AM I MY PARENT’S KEEPER? Adult children sometimes personally liable for nursing home bill of parent

AM I MY PARENT’S KEEPER? Adult children sometimes personally liable for nursing home bill of parent

Federal laws prevent a nursing home from requiring a third party (often a child or other family member of resident) to be held personally liable as a condition for admission – but nursing homes often say they will not make changes to its admissions contract which require a third party to be a “responsible party” and some contracts even require the third party to guarantee payment. The definitions of “responsible party” in admissions contracts vary. Although the resident should pay with the resident’s funds and the third party shouldn’t be required to guarantee payment, the “responsible party” may be required to apply for Medicaid or other public benefits (which helps pay for cost of care) if the resident’s funds are exhausted. A failure to make such application could result in the nursing home bringing a lawsuit against the responsible party (child of the resident). The responsible party also could be liable if they misused the resident’s funds.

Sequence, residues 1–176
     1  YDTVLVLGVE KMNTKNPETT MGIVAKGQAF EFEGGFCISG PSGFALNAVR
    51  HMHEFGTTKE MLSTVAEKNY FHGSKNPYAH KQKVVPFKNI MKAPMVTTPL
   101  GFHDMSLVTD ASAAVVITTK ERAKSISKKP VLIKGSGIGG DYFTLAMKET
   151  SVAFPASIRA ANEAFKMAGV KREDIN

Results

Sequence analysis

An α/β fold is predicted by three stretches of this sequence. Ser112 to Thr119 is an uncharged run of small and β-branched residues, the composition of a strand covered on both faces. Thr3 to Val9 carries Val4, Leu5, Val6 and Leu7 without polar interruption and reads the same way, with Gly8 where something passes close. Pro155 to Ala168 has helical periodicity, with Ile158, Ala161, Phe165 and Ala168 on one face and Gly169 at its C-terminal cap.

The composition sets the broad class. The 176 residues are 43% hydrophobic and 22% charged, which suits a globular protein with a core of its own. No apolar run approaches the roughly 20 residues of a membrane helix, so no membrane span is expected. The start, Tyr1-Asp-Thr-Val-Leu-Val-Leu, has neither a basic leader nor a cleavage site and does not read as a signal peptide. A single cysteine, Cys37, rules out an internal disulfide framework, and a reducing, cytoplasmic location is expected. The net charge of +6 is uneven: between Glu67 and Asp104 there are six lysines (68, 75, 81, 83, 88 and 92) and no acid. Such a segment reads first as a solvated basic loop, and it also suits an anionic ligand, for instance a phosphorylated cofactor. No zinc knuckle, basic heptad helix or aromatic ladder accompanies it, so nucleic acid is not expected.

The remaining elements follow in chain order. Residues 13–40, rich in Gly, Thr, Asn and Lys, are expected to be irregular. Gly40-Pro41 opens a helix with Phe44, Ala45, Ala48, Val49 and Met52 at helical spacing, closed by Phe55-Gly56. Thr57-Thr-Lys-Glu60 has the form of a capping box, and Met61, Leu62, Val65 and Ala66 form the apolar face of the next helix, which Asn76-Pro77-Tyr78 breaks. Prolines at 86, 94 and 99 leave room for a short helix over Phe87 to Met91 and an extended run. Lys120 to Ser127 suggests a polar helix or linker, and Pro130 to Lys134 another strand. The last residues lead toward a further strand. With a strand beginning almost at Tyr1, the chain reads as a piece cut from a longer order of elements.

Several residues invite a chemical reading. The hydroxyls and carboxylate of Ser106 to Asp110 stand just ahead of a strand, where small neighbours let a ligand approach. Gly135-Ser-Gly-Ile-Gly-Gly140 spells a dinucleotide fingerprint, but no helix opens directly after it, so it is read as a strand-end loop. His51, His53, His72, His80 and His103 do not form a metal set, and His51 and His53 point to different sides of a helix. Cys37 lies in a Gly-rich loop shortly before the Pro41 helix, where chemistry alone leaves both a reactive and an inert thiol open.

Furthermore, many states have filial responsibility laws which requires a child to provide for the housing, medical needs, food and clothing for indigent parents. Thankfully, Texas does not have any filial responsibility.

It should also be mentioned that a recent Connecticut court decision ruled that a daughter was held personally liable for her mother’s assisted living (not nursing home) care. However, a New Jersey court ruled that the daughter of a New Jersey nursing home resident was not held personally liable for her father’s care even though the admissions contract stated she would guarantee payment. The court’s decision was based on federal and state law which prohibits such liability. The daughter’s counter-suit for fraud against the nursing home was recently settled. As a result, it is important to read nursing home admission contracts since some nursing facilities require “guarantees” of a third party. However, even if the contract does not have such provision, it is best to know if you (or to what extent) are your parent’s keeper.

Skip to content